As the Wheel of the Year continues to turn, we find ourselves once more in the time of darkness and cold; the time of the brown and the gray; the time of the Winter Solstice.  The Winter Solstice, happening around the 21st of December, represents the longest night and shortest day for those of us in the Northern Hemisphere.  It marks the real start of winter, which continues until the Spring Equinox.  And while this is a time of challenge and struggle for many, I like to think of this time, like all times, represents an opportunity to turn inward, to examine our inner worlds and our inner home lives, and to again seek methods of sustainable practice and action.  So here are some spiritual and sustainable practices that you can practice around the Winter Solstice:

Frozen Lake Walking

Frozen Lake Walking


Winter walking.  I think that one of the challenges we face as a culture in terms of sustainable action is a disconnection with the natural world–especially the natural world in all her forms and in all of her seasons. One of the best ways of reconnecting is to see the beauty and mystery in each day, regardless of the weather.  Because of this, I have worked hard to spend a little time outside each day and an extended period of time at least once a week outdoors, regardless of the weather.  I make it a point to go on “winter walks” in different types of weather.  If you plan on engaging in this practice, invest in some good cold-weather gear.  Good wool socks, sweaters, and long-johns, good hats and gloves, and multiple layers of warm clothing will make walks outside enjoyable for you and any others who choose to join you.  The key, especially when exposing others who are maybe not used to the winter cold, is to encourage them to dress warm.

I find the time around the Winter Solstice strikingly beautiful–the grasses have died back but are still gorgeous in shades of brown, the landscape shows things hidden with summer foliage.  Usually here, its usually too early for snow before the solstice, so the browns and deep reds and grays dominate the landscape.  The conifers hold the promise of spring in their greenery.   If there is snow, the patterns of animals, usually invisible in the summer, are now revealed.  Once the deeper cold of January sets in and our lakes freeze over, I also very much enjoy lake walking (see photo above).  You get to commune with the water in a different way.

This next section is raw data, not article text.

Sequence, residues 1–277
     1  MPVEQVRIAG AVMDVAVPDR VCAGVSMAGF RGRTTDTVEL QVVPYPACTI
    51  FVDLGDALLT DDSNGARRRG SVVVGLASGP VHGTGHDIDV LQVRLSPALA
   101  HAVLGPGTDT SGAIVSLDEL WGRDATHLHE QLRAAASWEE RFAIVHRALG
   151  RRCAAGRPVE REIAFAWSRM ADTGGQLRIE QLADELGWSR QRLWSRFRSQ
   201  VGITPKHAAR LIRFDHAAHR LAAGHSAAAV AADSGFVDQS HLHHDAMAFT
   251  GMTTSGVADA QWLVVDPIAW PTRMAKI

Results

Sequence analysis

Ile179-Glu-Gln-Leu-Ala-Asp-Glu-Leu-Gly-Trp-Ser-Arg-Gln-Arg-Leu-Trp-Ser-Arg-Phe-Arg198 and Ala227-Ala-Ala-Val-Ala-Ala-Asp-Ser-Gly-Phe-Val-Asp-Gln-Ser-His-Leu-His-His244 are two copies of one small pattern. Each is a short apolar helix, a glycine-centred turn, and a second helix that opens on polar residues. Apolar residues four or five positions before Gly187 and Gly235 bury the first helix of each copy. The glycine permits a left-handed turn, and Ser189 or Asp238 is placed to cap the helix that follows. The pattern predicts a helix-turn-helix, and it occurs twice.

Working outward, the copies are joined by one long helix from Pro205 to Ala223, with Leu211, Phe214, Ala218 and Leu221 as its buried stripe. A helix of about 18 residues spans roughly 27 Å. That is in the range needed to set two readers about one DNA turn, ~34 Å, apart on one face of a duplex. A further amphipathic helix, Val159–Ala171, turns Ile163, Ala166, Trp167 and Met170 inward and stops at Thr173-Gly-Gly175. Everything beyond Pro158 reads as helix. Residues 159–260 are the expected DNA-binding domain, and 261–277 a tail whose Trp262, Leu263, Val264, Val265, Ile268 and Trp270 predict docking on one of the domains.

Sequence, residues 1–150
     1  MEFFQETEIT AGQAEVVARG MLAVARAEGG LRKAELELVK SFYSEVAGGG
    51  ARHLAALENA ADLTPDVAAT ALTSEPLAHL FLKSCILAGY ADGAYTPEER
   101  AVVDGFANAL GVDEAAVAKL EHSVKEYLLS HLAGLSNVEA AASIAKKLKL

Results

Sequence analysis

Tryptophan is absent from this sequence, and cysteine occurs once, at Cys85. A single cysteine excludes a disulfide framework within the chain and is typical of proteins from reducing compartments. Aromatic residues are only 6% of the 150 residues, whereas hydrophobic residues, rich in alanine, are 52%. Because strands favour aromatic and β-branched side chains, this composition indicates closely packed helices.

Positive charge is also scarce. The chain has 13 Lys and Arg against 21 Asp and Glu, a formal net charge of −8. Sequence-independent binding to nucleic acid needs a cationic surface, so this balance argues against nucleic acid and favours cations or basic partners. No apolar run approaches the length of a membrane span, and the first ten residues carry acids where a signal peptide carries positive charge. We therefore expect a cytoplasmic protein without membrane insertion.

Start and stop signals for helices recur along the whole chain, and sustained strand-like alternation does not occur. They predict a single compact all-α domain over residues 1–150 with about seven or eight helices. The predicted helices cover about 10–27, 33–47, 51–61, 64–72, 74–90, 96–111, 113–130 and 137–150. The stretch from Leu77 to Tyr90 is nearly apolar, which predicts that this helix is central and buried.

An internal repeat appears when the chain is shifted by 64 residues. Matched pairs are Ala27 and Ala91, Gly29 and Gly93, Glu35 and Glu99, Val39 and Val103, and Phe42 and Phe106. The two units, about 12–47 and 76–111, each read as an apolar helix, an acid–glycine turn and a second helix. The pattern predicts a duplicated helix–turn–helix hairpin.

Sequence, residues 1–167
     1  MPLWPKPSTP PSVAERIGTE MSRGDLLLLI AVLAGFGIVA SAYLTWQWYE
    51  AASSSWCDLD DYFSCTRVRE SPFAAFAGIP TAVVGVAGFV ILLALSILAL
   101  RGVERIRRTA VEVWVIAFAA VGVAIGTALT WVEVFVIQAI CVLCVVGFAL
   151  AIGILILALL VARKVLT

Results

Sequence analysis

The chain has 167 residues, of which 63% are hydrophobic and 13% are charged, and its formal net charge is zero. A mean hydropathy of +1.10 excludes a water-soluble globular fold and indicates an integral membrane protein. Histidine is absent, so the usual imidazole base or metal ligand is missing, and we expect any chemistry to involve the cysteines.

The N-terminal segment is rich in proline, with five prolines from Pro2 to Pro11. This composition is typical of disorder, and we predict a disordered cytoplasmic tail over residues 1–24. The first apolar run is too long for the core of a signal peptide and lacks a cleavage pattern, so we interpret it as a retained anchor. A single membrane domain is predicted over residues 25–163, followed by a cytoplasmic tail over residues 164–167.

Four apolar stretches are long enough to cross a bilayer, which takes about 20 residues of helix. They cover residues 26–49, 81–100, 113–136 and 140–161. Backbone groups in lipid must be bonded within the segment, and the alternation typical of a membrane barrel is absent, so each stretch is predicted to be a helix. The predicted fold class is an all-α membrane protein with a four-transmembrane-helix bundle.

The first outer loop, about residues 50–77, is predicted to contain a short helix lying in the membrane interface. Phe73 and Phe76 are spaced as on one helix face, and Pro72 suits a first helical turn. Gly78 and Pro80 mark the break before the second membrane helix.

Regardless of how you choose to winter walk, experiencing this beauty, and sharing it with others, can help us build a deeper awareness and connection to the world (and I think that gives us the underlying impetus for sacred and sustainable action).


Candlemaking - another great skill!

Candlemaking – another great skill!

Make some winter crafts, medicine, and ritual objects. The Winter Solstice and the dark times provide us excellent time to practice various bardic arts, especially those of a physical nature.  The Winter Solstice is my favorite for finishing up my tinctures created earlier in the season and making medicinal salves for use for the upcoming year. I also like to make big batches of laundry soap and candles.  I’m making time also to make my own bars of regular soap after having some fantastic lessons this past year. This is also the time when I make smudges and incense.  The idea here is that the more you can make and provide yourself, the more energetically connected you are, the more fulfilled you are (because you are providing some of your own needs), and the less drain you are creating on the system as a whole.  This is especially true if you mindfully source anything you don’t have to make your various home goods and crafts.


Alternative gift giving. I wrote about thinking for meaningful alternatives to typical consumerist holiday practices before; it is presented in more detail here.  But I again want to encourage readers to think carefully about what needs to be bought, and what can be repurposed; to see the holidays not as a time of excess and spending, as so many now do, but one where we can use creative thinking for meaningful change. For my friends and extended family, I’ve taken to giving people things from my garden–a small bag of sundried tomatoes or a wonderful rhubarb-orange summer solstice jam really is a gift from the heart.  One of the things my family has been conscious of doing for some time now is engaging in a “secret santa” gift exchange.  Each person gets one other person’s name and a list of things they would like; only $50 can be spend total on the gifts, but any handmade/repurposed gifts are welcome in addition.  We also use either re-usable wrapping paper or junk mail/papers to wrap all gifts. This alternative gift giving does a few things–it allows everyone to buy and gain less stuff, and the stuff that is purchased is purchased to fill a need.  The gifts are meaningful because they are heartfelt and useful because they are some of what was requested.